There Will Be Baseball: Major League Baseball plans to impose an abbreviated 60-game season after negotiations with its players’ union eventually hit the wall. Some form of baseball is better than none, and losing the season could have been catastrophic. The rising number of coronavirus cases around the country remains a considerable hurdle for MLB’s July return. (WALL STREET JOURNAL)

Trump’s Social Media Clash: Twitter retook action against President Trump Tuesday after hiding one of his tweets behind a warning label. The tweet controversially threatened state violence, which the tech giant says violated its rule against “abusive behavior.” Twitter, a rare enforcer of its platform rules, also hid another tweet from the president in the early days of the protests spurred by the killing of George Floyd. (TECH CRUNCH)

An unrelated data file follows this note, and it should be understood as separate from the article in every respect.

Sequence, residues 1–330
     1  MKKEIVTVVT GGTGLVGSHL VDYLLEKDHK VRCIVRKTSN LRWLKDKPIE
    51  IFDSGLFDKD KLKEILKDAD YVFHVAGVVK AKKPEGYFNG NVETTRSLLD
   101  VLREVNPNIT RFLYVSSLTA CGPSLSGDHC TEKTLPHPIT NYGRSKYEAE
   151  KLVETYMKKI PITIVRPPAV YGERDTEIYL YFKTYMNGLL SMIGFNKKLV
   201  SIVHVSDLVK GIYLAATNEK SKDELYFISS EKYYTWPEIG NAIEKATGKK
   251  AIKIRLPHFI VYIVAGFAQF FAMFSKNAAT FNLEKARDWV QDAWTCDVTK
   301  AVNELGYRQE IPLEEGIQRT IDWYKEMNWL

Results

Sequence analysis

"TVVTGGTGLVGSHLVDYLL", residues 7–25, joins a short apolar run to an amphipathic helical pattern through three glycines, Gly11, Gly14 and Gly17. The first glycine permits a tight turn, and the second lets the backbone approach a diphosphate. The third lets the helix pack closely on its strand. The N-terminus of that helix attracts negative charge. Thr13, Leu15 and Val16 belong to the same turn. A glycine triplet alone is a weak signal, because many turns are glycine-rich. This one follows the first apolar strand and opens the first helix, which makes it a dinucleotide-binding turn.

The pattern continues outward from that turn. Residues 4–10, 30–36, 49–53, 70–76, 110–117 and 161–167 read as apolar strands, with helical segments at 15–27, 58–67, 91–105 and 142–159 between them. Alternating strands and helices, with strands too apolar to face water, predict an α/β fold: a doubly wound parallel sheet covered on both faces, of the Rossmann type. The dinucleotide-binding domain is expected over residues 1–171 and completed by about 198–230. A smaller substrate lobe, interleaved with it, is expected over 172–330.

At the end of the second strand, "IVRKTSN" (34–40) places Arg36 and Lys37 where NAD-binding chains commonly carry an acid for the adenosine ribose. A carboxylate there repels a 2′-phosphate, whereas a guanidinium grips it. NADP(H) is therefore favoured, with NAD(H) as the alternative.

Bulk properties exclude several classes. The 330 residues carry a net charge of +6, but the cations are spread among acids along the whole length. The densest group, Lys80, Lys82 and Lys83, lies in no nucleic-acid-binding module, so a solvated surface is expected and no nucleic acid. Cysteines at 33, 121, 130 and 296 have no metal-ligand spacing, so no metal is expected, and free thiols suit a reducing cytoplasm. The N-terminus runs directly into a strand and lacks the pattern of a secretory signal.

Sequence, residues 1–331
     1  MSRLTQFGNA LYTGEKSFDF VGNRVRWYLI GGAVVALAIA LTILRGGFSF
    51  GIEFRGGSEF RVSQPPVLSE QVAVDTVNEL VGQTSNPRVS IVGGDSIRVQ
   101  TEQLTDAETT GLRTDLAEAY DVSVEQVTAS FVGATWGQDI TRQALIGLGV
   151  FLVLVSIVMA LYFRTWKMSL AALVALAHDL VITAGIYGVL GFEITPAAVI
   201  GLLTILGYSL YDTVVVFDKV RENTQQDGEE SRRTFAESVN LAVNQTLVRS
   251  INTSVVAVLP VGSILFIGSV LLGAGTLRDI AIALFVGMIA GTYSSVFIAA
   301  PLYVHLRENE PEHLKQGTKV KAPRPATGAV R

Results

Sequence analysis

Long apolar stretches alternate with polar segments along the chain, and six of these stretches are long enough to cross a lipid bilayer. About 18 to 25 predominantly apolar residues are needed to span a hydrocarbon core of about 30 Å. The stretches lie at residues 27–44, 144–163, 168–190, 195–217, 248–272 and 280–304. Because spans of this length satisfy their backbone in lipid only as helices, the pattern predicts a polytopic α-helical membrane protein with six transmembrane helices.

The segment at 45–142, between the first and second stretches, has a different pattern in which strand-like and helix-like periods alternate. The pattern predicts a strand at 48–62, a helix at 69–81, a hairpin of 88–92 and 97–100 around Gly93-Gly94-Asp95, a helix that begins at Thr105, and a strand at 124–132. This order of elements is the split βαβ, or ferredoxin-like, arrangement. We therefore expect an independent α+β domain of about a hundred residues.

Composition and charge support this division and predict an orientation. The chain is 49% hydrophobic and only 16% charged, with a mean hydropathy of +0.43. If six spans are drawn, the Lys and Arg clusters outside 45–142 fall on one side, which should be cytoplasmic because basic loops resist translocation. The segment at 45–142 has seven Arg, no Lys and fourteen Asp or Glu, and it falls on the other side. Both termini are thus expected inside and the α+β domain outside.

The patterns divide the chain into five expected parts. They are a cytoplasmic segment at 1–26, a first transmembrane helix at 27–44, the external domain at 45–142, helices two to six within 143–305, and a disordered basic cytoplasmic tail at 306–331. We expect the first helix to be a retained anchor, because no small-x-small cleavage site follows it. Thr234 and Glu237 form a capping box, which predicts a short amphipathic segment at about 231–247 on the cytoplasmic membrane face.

Facebook’s Indian Telecom Play: Facebook seems to be dodging antitrust minefields left and right, but the firm came out unscathed in its proposed $5.7 billion acquisition of a 10 percent stake in Indian telecom giant Jio Platforms, a subsidiary of Jaadhu Holdings. The Competiton Commission of India gave its blessing Wednesday, even after antitrust concerns arose. (TECH CRUNCH)

A Couple Cents Content

If you think you missed out on NKLA, Justin Oh takes a look another potential opportunity with electric truck company Hyliion (Tik Tok)

I became a professional sports owner yesterday – So, I decided to blog about it (Post)

In case you missed it, check out Monday’s live show with Justin Oh (YouTube)


See you tomorrow!

— Justin Birnbaum

Share on facebook
Share on twitter
Share on linkedin
Share on email


Your email address will not be published. Required fields are marked *

Related Posts